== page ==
GRIMSBY, Ontario—Cimcorp Group has made great strides in the last two years in what it dubs its "Dream Factory" concept, which is a fully automated handling solution for tire manufacturing and distribution.
"We are able to automate from bringing in raw materials right through the finished product coming out of the factory," said Don Heelis, sales manager of Grimsby-based Cimcorp Automation Ltd., the group's North American business unit.
"We've got all the automation modules to link all of the elements of the factory together. So all the manufacturing cells can be linked together with physical automation and various kinds of robots. We can tie everything together physically, and then we tie it all together with software as well."
Heelis said during the recent International Tire Exhibition & Conference in Akron that there are certain areas of the tire factory where Cimcorp's process is extremely well embedded. Now the firm is looking to push into other areas in tire manufacturing with greater detail and penetration. One of those areas will be the component preparation area, where the compounded rubber is handled.
"How raw materials are stored and how they are retrieved," he said. "Everything is tracked by some sort of identifier, either a barcode or an RFID tag. The manual processes that typically have been seen in a legacy plant will fade away and be replaced by these automated processes."
The evolution of the dream factories have begun, he said. Cimcorp's technology breaks down the material handling functions into these elements: Raw material or component preparation; tire building; green tire buffering; storage and retrieval; green tire curing; final finish and palletizing; and order fulfillment.
"In the dream factories, that is what is being implemented, and the factories are designed to accommodate that," Heelis said. "The older legacy factories were never laid out that way. Nobody had any vision of what was coming, so the factories couldn't accommodate it."
But he said the new tire plants are being designed with material handling automation in mind. "You don't lay out a tire factory now independent of your automation and material handling," he said. "You do it concurrently to make it work hand-in-glove."
Heelis said Cimcorp Group, which also includes Cimcorp Oy in Finland, has been successful at getting its technology selected for a good number of new tire plant projects around the globe. "If you look at all of the vendors trying to play in this sector, we're winning the majority of the projects," he said.
And that includes the tire plants being constructed in North America, saying that Cimcorp is involved in a number of greenfield projects in essentially every phase of development, from the initial phases of planning to some getting ready to open.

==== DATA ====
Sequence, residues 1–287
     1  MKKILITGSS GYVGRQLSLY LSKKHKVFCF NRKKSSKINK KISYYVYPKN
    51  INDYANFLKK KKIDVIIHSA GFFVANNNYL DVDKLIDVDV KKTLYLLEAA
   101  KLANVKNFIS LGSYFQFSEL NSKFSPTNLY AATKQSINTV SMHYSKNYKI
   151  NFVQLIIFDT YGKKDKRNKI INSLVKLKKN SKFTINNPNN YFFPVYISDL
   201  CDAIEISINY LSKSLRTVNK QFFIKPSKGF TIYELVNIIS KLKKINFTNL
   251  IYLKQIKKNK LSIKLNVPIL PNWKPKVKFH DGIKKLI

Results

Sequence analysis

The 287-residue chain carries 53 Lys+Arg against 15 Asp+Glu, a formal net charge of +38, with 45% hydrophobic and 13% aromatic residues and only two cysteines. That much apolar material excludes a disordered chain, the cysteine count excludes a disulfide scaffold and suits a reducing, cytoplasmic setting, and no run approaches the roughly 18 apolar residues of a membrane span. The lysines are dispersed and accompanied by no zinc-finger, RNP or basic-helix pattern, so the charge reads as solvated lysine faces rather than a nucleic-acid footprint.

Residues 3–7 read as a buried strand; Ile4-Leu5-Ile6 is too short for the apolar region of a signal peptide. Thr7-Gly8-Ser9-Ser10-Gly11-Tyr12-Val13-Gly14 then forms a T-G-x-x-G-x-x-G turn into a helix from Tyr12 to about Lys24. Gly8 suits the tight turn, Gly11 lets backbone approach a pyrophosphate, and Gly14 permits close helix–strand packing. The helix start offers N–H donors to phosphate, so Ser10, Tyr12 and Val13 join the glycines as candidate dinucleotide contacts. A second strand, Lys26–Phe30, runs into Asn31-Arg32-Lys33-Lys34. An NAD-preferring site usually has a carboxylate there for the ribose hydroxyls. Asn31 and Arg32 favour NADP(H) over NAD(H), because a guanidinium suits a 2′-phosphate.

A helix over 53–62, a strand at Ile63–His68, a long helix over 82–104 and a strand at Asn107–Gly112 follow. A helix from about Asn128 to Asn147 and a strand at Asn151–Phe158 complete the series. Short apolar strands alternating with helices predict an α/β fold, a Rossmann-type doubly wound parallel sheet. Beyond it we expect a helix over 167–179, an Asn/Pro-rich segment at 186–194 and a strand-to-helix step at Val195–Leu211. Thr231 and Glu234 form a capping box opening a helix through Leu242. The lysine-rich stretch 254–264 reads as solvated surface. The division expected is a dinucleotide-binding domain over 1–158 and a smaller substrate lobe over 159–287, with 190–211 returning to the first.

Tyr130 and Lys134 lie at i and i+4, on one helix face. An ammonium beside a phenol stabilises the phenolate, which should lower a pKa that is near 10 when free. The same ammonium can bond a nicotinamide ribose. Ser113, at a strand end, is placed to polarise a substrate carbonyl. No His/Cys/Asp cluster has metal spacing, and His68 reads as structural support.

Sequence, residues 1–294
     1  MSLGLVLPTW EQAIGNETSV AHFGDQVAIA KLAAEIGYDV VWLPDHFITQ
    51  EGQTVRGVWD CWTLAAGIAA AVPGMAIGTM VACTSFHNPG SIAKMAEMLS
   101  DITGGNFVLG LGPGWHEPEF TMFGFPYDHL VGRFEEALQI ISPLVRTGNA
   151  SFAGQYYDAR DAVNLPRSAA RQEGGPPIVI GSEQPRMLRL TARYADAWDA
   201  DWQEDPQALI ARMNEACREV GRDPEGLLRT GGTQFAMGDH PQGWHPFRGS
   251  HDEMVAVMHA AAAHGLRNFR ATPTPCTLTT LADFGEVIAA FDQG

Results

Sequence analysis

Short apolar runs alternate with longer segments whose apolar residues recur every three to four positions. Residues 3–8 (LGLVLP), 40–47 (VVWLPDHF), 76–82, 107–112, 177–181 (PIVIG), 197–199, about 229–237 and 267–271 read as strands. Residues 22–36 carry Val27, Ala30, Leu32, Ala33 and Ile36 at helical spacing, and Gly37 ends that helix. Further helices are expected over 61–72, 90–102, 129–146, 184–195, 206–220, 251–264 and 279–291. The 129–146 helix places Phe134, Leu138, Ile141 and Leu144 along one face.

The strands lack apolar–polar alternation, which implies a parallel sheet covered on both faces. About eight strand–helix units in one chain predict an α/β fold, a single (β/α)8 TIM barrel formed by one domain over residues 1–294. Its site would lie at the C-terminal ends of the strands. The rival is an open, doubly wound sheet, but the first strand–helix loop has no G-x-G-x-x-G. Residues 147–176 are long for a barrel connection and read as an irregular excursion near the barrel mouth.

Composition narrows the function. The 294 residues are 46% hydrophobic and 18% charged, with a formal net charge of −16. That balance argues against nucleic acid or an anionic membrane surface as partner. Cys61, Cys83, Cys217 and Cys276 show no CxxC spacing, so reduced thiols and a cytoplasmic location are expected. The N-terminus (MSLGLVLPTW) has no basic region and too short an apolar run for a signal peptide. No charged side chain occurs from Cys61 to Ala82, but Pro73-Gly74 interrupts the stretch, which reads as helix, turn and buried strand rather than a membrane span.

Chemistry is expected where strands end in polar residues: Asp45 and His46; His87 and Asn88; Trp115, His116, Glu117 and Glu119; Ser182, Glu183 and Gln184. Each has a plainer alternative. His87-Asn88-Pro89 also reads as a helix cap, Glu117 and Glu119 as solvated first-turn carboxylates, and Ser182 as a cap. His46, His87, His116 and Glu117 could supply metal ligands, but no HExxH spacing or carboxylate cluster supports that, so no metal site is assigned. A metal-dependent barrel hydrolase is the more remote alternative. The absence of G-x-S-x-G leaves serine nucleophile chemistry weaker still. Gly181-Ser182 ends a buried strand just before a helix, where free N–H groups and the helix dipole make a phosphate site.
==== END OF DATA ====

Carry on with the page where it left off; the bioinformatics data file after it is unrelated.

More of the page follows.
Heelis said he has 35-40 years of experience in automation, the last 13 in the tire industry, and that Cimcorp's history in the tire business goes back 35 years. During that time, the tire industry much like the auto industry has come to rely more on outside vendors for expertise.
"What it does if you're in auto or tire manufacturing, you focus on what you need to make," Heelis said. "You don't focus on the equipment you need to make your product. You design your product. You're not focused on the automation you need to make your product. It enables you to focus on your core competency.
"That's the emergence of the automation industry. Once that shift had taken place then you saw the emergence of standalone, independent automation companies."
While much of Cimcorp's business has been with new tire factories, Heelis said it also has made headway in legacy factories. The key there is to identify areas where the automated technology can have the biggest impact for the customer.
Thus far, one such area is the finished product area where the tires have to be palletized. "That's an area where automation can provide a lot of value," he said. "We can free up floor space, reduce costs for those processes and improve the accuracy of the process."
From there you work back through the factory: from the curing area to green tire storage and retrieval area. And while greenfield factories are designed from a clean slate, with current factories a modular approach is needed.
"In a legacy factory you have to attack certain areas," Heelis said. "Legacy factories have to keep running. They have to keep making product at the same time you're implementing this automation. That's as big a challenge as coming up with a solution that will have a viable return on investment."
Cimcorp has had success convincing a number of tire manufacturers that it's worth making the investment, he said, without naming specific customers. "Each project that you look at comes with its own unique challenges," Heelis said. "What we try to do is bring from the tool kit of standard engineering modules to address those challenges. Depending on how we put the blocks together, we usually can come up with a satisfactory concept that will satisfy the requirements of the project."
The payback for adding this technology at legacy plants depends on what the customer wants to implement, but he said the average time for the project to pay for itself is a bit more than two years.